The DataStax MVP Program for Apache Cassandra™ recognizes key individuals who have gone above and beyond to share their knowledge and expertise to help the Cassandra community learn about the massively scalable NoSQL database.The MVP Program provides these selected individuals with the opportunity to write articles and white papers, speak with press, analysts and industry thought-leaders, to present both online in webinars and at key events, to blog as an official MVP member, and enjoy recognition amongst their community peers. This recognition is a key differentiator in career development in this exciting market. The MVP designation is awarded annually and announced at the Cassandra Summit.
If you have someone you’d like to nominate as an 2016-2017 DataStax MVP for Apache Cassandra, you can nominate them here. The nomination period will end June 30th, 2016.
Each year, DataStax opens nominations for their MVP Program for Apache Cassandra™. In 2015, I was fortunate enough to be selected, and it’s been a great experience. Looking back on the year, a few things stand out:
- I’ve met a lot of great people. One of the beautiful things about the Cassandra community is that many of us face the same challenges in our day to day jobs. Cassandra is fairly young, so meeting people that can provide educated second opinions is priceless. Prior to being an MVP, I spent a lot of time reading the user mailing list and trying to help (and get help) on IRC and Stack Overflow. Being an MVP introduced me to many of those people in person, as well as a new set of friends, many of whom have large or complex installations. Together, we’ve spent countless hours talking about Cassandra and tech in general.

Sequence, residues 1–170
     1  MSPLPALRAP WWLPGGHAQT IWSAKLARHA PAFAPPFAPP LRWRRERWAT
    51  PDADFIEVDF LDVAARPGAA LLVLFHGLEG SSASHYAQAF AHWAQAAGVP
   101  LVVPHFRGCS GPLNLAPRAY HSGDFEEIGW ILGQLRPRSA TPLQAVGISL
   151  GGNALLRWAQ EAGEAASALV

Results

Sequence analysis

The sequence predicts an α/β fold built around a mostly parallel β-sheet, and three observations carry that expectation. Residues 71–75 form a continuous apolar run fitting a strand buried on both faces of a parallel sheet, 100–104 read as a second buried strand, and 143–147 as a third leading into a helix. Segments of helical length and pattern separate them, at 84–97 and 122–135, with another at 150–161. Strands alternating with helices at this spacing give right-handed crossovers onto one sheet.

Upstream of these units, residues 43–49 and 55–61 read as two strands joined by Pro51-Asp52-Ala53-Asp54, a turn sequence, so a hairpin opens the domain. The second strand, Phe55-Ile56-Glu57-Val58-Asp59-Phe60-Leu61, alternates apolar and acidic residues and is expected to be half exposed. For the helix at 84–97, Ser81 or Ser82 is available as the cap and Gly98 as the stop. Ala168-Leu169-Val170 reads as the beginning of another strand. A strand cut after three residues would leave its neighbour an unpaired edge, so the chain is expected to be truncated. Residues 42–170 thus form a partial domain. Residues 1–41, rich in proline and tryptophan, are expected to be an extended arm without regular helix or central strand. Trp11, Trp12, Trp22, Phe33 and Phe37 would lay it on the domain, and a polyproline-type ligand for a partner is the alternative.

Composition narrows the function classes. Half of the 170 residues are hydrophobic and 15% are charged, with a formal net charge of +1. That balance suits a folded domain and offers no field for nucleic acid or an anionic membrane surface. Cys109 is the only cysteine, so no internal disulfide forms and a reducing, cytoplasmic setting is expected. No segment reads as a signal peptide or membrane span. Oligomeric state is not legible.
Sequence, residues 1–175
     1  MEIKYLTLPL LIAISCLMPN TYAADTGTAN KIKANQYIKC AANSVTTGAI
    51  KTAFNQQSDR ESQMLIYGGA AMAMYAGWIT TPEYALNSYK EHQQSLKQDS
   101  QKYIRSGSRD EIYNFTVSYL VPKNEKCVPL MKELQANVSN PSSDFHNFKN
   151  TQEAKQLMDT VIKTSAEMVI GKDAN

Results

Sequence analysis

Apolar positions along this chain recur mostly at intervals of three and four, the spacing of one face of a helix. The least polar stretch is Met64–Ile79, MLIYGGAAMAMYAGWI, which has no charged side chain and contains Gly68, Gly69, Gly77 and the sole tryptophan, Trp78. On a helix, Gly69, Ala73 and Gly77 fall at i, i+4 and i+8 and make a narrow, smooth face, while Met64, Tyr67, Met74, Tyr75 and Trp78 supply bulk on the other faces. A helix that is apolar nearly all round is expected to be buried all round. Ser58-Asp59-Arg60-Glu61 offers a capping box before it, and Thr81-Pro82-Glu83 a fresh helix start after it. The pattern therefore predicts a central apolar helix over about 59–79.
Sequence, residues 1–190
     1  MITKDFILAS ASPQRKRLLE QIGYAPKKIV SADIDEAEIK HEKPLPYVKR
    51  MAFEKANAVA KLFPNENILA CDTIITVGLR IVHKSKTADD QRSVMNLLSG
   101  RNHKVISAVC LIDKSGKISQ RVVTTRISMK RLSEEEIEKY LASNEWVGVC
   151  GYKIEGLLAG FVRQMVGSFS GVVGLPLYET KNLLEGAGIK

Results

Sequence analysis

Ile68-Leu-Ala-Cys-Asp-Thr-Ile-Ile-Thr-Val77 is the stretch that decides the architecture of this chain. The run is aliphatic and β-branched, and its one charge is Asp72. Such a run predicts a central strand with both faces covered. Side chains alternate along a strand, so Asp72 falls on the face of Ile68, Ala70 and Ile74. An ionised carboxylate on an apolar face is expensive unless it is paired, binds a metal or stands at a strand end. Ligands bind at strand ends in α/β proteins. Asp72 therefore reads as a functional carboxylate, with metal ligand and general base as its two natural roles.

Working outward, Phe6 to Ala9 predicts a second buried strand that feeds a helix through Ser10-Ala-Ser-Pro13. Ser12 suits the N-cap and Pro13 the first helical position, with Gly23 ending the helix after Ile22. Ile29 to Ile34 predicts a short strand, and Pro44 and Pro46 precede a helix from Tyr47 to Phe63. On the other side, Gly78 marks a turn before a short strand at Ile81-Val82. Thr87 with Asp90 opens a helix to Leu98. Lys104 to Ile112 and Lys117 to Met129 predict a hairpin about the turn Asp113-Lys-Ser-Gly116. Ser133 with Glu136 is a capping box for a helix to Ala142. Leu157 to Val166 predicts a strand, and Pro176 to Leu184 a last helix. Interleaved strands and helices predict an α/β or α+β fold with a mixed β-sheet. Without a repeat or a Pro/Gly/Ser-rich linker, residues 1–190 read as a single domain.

- I’ve had a bunch of opportunities talk about our experiences running Cassandra. At Cassandra Summit, I spent some time talking about how Crowdstrike used DTCS, as well as talked to quite a few people about reasons we prefer EBS rather than ephemeral disks (a talk colleagues at Crowdstrike presented at both Cassandra Summit and AWS re:Invent 2015). I also gave a presentation on Cassandra’s read and write paths at a local Seattle Cassandra Users meetup. While being an MVP doesn’t require giving presentations, it certainly provides a lot of fun opportunities, and those opportunities always lead to meeting new people and learning about new ways to use Cassandra.
- I’ve learned a lot about Cassandra. A lot of what I learned came from talking to other MVPs about challenges they have, and how they’ve overcome those challenges in novel ways, like using coordinator tiers, techniques for batching counters, D2 instances, and even watched some crazy hackers get to the root of a regression that caused blocked threads. The opportunity to bounce ideas off of others trying to solve similar problems is almost invaluable.
Overall, being an MVP has been fantastic. I wasn’t quite sure what to expect when I heard I had been selected, but I’m very happy with the people I’ve met, discussions I’ve had, and knowledge that was shared. Sincere thanks to the DataStax community team (especially Lina! Thanks Lina!) for all that they do.